GOP Father Knows Best

Alabama has one of the most restrictive abortion laws in the United States. All abortions after conception, except those which would save the life of the mother, are illegal, and there are no exceptions for rape or incest.

These restrictions went into effect immediately after the Dobbs decision because the legislature had paased a trigger law in anticipation of Roe v. Wade being overturned. The language in the law went further than just making abortion illegal—it also carried implications that people from other states who helped a woman cross the state border could be charged in a criminal conspiracy.

The Alabama Democratic statehouse leadership sounded the warning last year:

 [Former Alabama Democratic Party chairman Chris England and current House Minority Leader Anthony Daniels] have discussed Alabama’s abortion law – the “Human Life Protection Act,” which is one of the nation’s most restrictive laws with no exceptions for rape or incest – and its numerous unintended consequences. And England brought up the fact that Alabama’s accessory laws could now be applied to anyone who aids a woman seeking an abortion in another state.

“Not only can anyone, even the woman seeking the abortion, be prosecuted, but also anyone can be prosecuted for conspiracy if they help someone either get or even plan to get an abortion in another state,” England wrote on Twitter. He also posted screenshots of the applicable laws. Those laws would also potentially be used to arrest the women who seek out abortions, charging them as part of the conspiracy.

England also noted that it would be “foolish” to expect that Alabama Republicans would not apply the law to its fullest extent in order to score “political points” by prosecuting those who assist women – and prosecute the women themselves – in obtaining out-of-state abortions.

Alabama Attorney General Steve Marshall confirmed that all of that is true:

Asked about the law and the comments from Alabama Democrats suggesting that Marshall’s office would prosecute those who assist women in obtaining abortions, Marshall confirmed that England was correct.

“There’s no doubt this is a criminal law and general principles would apply. Provisions related to accessory liability, provisions related to conspiracy would have applicability involving this particular act passed by the legislature,” Marshall said during the interview. “If someone was promoting themselves out as a funder of abortions out of state, that is potentially criminally actionable for us. If there are groups promoting this as part of their services, we will be taking a look at that.”

In July 2023, 2 Alabama reproductive health centers and the Yellowhammer Fund, an organization that helps women get abortion care, filed lawsuits against Marshall.  The Yellowhammer Fund summed up its brief in a press release:

The Attorney General’s threats violate Yellowhammer Fund’s constitutional rights to free expression, association, travel, and due process and intrude on the sovereignty of states where abortion is legal.  This is the second civil rights lawsuit filed this month challenging a state’s efforts to infringe upon the right to travel for abortion care; the first challenges an Idaho law that criminalizes assistance to young people seeking abortion care without parental knowledge.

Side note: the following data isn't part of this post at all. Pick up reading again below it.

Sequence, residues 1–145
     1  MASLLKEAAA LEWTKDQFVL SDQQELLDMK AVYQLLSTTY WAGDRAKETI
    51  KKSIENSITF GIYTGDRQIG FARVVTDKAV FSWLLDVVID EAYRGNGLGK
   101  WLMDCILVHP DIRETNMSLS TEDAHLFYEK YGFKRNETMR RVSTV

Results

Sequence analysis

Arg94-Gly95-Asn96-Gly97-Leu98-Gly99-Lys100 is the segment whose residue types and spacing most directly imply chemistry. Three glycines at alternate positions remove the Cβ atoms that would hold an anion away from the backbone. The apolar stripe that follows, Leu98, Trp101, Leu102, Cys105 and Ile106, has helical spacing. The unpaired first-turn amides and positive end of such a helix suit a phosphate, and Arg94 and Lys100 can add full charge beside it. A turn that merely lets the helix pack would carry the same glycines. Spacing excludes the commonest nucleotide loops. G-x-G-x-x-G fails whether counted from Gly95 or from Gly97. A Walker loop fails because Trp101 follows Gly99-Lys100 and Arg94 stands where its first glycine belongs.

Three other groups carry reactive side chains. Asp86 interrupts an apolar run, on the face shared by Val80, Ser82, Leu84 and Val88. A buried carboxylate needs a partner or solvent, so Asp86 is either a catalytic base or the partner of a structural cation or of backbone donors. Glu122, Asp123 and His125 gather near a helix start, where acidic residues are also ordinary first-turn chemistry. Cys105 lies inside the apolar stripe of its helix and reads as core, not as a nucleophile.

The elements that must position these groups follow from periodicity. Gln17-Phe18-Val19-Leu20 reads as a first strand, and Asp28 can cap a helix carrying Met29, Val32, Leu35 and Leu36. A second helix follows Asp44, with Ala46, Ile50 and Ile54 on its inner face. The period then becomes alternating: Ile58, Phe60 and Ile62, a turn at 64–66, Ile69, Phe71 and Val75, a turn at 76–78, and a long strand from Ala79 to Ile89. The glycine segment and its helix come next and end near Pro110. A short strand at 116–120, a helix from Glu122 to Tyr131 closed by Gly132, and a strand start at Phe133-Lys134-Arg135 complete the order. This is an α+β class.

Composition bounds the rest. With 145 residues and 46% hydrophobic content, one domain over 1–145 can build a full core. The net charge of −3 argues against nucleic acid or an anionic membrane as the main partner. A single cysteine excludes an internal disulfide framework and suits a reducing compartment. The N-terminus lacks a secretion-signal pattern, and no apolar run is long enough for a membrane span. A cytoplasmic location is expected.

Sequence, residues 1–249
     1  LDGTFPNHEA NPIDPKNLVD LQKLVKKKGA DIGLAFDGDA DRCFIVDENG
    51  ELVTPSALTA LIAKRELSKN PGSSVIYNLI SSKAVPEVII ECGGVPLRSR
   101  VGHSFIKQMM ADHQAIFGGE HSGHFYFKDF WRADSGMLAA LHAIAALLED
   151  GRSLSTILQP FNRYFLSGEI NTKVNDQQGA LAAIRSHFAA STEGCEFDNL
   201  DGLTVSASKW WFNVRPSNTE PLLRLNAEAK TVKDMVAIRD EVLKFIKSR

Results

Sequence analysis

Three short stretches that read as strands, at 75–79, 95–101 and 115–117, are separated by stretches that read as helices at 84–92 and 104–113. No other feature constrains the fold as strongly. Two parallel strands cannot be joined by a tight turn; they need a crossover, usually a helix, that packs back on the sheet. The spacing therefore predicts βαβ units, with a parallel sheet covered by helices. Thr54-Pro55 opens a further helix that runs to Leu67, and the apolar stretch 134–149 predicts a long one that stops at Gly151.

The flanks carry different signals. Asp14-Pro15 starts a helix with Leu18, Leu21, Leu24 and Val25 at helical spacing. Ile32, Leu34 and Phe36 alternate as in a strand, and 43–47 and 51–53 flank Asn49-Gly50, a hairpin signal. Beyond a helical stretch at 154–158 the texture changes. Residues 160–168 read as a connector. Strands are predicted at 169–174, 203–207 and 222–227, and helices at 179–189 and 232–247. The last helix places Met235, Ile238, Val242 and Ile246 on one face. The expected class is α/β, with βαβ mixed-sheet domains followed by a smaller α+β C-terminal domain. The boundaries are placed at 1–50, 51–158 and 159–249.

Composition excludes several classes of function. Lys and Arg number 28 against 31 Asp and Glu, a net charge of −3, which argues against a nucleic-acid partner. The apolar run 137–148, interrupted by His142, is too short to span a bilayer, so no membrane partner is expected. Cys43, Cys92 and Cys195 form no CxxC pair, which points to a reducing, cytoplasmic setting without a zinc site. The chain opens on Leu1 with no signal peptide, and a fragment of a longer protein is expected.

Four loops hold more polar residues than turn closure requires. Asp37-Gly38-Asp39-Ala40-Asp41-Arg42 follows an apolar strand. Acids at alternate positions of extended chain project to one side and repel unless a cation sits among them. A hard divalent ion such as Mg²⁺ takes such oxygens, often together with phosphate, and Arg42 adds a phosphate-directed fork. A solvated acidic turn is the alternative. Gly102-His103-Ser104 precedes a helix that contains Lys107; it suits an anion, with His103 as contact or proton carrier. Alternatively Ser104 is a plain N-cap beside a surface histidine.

Last week Marshall filed a motion to dismiss, arguing that since abortion is illegal in Alabama, people from other states offering help for Alabama citizens in getting abortion care are engaged in a conspiracy, and it doesn’t matter if abortion is legal in that other state.

I should be Inured to the insultingly ridiculous rationales that the extremists in the GOP offer in lieu of actual legal research, but I’m not. This rationale (I can’t call it “reasoning”) has a of “Because I’m the parent and I say so” energy–the GOP father knows best.

I’m not a legal professional but I can say this with confidence:  this is the stupidest explanation yet for banning abortion. The move to turn a medical procedure into a crime isn’t based in anything other than a deeply creepy misogyny and a desire to punish women who won’t subscribe to their reactionary and extremist world view.

For me the question of the legality of abortion is rooted in every person’s right to bodily autonomy and I am frustrated that you don’t see that line of argument in any of these lawsuits. Yes, the Alabama legislature wrote a law outlawing abortion but that doesn’t mean that that law is valid. People absolutely have the right to travel, and people absolutely have the right to medical care.

As for the line of argument by Marshall that helping someone get an abortion in another state is a conspiracy, I say that fundamental rights are valid in every state, and therefore laws putting restrictions on abortion beyond normal state regulation of medical procedures are unconstitutional. The state has no standing to bring a suit against anyone involved in procuring a valid medical procedure, even if the state is pretending it has the right to criminalize that procedure.

The media has got to start asking questions along these lines to expose the specious bullshit that is being used to oppress women.

Ella and Louis can soothe our weary souls:

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